Based on the dystopian novel by George Orwell and set in the totalitarian future state of Oceania, this is the story of citizen Winston Smith (John Hurt), a lowly outer party functionary who lives in London, which is the capital of the territory of Airstrip One (formerly Britain), and whose job it is to erase certain people from existence and rewrite history for the Ministry of Truth.
Big Brother, the autocratic symbol of an oppressive regime, has forbidden such things as free thinking, expression, and sex.
There is no escaping the ever-present Viewscreens installed in every room, which allow the thought police to watch every citizen – hence the sinister motto, “Big Brother is Watching You”.
Whilst free thought is forbidden and everybody is under constant surveillance, Winston keeps a diary of his private thoughts. He breaks the law even further by becoming involved in an illicit love affair with fellow Ministry of Truth worker Julia (Suzanna Hamilton).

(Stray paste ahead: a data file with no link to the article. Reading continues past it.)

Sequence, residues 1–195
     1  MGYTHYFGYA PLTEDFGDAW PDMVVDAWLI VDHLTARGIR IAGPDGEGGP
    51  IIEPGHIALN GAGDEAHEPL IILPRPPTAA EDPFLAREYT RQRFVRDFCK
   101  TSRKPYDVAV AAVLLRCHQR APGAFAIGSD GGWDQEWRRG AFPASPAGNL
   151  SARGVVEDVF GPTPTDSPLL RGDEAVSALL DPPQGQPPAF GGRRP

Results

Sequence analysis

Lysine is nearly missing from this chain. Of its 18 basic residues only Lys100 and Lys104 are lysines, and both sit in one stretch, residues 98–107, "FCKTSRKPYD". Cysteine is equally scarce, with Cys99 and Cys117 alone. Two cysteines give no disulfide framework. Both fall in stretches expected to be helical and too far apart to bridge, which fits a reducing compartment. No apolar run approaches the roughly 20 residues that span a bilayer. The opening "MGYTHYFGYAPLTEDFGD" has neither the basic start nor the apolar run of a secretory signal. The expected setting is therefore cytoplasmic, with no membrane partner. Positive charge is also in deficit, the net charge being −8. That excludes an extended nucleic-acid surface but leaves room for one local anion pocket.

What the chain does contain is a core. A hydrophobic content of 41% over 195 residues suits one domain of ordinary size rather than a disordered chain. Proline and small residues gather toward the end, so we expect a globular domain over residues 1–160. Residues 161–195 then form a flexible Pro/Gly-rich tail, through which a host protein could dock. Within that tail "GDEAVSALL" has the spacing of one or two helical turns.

He finds a rented room without a Viewscreen where he and Julia meet for forbidden sex and wonder if there really is a resistance movement that they might join.
Unfortunately for Winston, a high-ranking member of the government, O’Brien (Richard Burton in his final screen appearance), who has looked upon him as a protégé, discovers the rebellion.
Winston is charged as a Thought Criminal and taken into the Ministry of Love for rehabilitation by the Thought Police, where he is interrogated and tortured (in the feared Room 101) and brainwashed into a system of belief that he loves the State.
Staying pretty faithful to its source material, 1984 is a very bleak and grim affair. The future is made to look especially drab, washed-out and grey, perfectly conveying the lack of humanity as well as the omnipresence of the Party. So much so, that this adaptation actually suffers a bit from its all-encompassing grim mood, making it not the easiest film to sit through.
John Hurt is fantastic as Winston Smith, whose face perfectly conveys his long mentally tortured existence, and Burton also does an admirable job as the face of the Party, putting in a truly frightening performance.
Hurt won a Best Actor award at the Fantasporto Film Festival, whilst both actors walked away with the same prize at the Valladolid Festival.